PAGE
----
When my mom first showed me her Elizabeth Gaskell DVD boxed set, I immediately gravitated to Wives & Daughters. The title, the blurb, the dresses, the witty comedy… it seemed right up my alley. Cranford looked okay, but I disdainfully turned up my nose at that other one, the one about mill owners and industry. Blech.
And then one day I gave that other one, North & South to be precise, a try. I’ve never looked back. I couldn’t help but love the strong and willful Margaret, yelling “you go girl!” at the TV when she stands up for the poor.
I couldn’t help admiring Mrs. Thornton for loving her son so much, or laughing at Fanny Thornton and all her inappropriate comments. But nothing won me over better than Richard Armitage and his infamous smolder.
The way he runs his mill and treats his workers, his vulnerability (“I daren’t believe such a woman could care for me…”), and that proposal rebuttal. Yowza.
So when it came time to revisit a second classic romance for my Romance Revisited series (after publishing SWAY, a retelling of Jane Austen’s Persuasion), North & South was the obvious choice.
RELATED AUTHOR KAREN M COX SHARES EXCERPT FROM NEW JANE AUSTEN VARIATION ‘I COULD WRITE A BOOK’ (PLUS A GIVEAWAY)
COLLIDE is a modern-day story about Maggie, a small-town girl who runs away to Vegas to pursue her dream of becoming a contemporary dancer, and Jay, an enforcer to a loan shark who just wants to own his own boxing gym one day. When Maggie pledges to pay back a friend’s loan, she becomes Jay’s next mark.
Some might question my choice of making Jay, AKA: John Thornton, an enforcer. A guy who beats people up for a living. One of the main reasons I chose that job was because of that scene in the movie when Margaret sees Mr. Thornton beating up a mill worker for smoking in the mill. This scene isn’t in Gaskell’s original work, but I love it anyway because it gives Margaret an immediate and legit reason to hate Mr. Thornton. I couldn’t get that scene out of my head, and I wanted my two modern characters to meet in the same way. That led me to making Jay an enforcer, which of course led me to the scene I’m going to share with you today, which happens right after Maggie agrees to pay back someone else’s loan. Enjoy!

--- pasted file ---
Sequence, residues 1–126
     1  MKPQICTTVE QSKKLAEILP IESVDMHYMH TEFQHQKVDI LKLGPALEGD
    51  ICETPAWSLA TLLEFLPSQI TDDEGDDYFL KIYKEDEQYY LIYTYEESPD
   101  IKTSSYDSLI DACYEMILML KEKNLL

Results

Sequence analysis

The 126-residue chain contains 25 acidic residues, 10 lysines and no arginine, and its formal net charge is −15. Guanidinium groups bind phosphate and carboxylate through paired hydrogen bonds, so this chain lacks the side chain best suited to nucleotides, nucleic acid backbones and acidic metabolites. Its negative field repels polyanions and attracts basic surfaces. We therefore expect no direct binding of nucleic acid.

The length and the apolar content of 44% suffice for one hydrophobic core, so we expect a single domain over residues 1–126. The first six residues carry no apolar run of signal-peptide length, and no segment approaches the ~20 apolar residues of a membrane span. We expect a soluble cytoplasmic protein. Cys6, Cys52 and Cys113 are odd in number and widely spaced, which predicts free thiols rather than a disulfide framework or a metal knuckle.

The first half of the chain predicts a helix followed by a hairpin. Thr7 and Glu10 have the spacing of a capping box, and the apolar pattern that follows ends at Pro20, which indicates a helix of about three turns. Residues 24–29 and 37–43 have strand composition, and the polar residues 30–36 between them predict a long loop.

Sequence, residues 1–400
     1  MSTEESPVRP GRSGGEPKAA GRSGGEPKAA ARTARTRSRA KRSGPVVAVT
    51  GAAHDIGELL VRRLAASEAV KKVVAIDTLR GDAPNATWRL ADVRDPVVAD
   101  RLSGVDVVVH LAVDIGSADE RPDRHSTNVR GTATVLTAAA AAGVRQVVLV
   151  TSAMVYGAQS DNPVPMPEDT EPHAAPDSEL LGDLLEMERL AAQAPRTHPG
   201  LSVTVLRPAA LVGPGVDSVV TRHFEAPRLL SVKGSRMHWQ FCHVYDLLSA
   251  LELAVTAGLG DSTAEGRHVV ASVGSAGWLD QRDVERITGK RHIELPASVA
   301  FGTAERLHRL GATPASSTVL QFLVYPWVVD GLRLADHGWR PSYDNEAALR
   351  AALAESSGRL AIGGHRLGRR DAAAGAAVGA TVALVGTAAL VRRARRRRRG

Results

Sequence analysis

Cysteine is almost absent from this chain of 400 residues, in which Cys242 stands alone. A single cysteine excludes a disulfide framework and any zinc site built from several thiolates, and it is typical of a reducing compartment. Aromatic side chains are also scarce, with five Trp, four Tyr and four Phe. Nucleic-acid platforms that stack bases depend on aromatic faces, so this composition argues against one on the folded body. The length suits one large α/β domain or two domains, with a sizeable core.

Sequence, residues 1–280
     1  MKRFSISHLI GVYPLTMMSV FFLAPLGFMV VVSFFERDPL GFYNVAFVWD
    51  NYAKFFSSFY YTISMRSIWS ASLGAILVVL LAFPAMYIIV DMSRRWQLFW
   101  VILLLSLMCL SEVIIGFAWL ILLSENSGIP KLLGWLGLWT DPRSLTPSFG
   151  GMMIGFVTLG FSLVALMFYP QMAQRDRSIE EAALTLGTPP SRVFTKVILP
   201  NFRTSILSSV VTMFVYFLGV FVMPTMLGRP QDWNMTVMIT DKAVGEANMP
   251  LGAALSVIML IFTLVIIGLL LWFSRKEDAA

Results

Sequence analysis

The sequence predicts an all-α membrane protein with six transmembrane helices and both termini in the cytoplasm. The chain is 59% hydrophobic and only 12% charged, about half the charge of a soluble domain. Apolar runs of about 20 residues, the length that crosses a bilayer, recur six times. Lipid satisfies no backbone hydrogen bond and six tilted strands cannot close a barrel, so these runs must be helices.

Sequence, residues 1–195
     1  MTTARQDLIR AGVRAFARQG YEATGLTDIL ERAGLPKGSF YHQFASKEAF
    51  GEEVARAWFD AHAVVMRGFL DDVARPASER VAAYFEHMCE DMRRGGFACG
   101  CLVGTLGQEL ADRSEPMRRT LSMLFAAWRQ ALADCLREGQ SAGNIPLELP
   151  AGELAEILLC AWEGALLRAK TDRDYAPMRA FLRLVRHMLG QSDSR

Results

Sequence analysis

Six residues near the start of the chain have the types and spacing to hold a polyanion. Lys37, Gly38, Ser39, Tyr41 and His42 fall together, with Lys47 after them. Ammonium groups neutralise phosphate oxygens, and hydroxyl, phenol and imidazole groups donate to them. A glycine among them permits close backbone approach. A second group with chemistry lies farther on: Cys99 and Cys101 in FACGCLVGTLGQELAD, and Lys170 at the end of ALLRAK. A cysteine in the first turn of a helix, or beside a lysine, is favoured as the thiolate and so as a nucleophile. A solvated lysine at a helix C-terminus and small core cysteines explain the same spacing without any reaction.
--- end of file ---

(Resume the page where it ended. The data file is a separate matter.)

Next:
Darkness had settled over Vegas while we’d been inside the restaurant. Lights down the street flashed neon colors, making everything look almost pretty. Magical.
I sighed and started down the sidewalk. There was nothing magical about Vegas.
Someone stepped into my path. I gasped and jumped back.
“What the hell were you thinking?”
Jay Thornton’s mouth was set in a grim line, his hands buried in his pockets. Officer Ting and his other bodyguard were nowhere in sight.
“Leave me alone.” I tried to step around him.
He blocked my way. “Do you realize what you’ve done?”
“Saved my friend from getting hurt?”
His face loomed near mine. “Made yourself the mark.”
Threats, bullies, dirty cops, guys who beat people up for a living. What made this city so different from mine? What made its people do such awful things to one another? I’d been stupid to think Vegas would solve my problems. My problems had tripled since I’d moved here.
“Are you going to hurt me?”
“Right. Not this week, then. I’ll pencil it on my calendar.”
“You have no idea what you got yourself into.” He rubbed a hand through his dark hair. “Do you even have the money?”
“Why? Are you going to lend it to me if I don’t?”
He let out a burst of laughter and then stifled it with pursed lips. He looked me up and down. “Never mind. You’ll probably borrow it from Daddy.”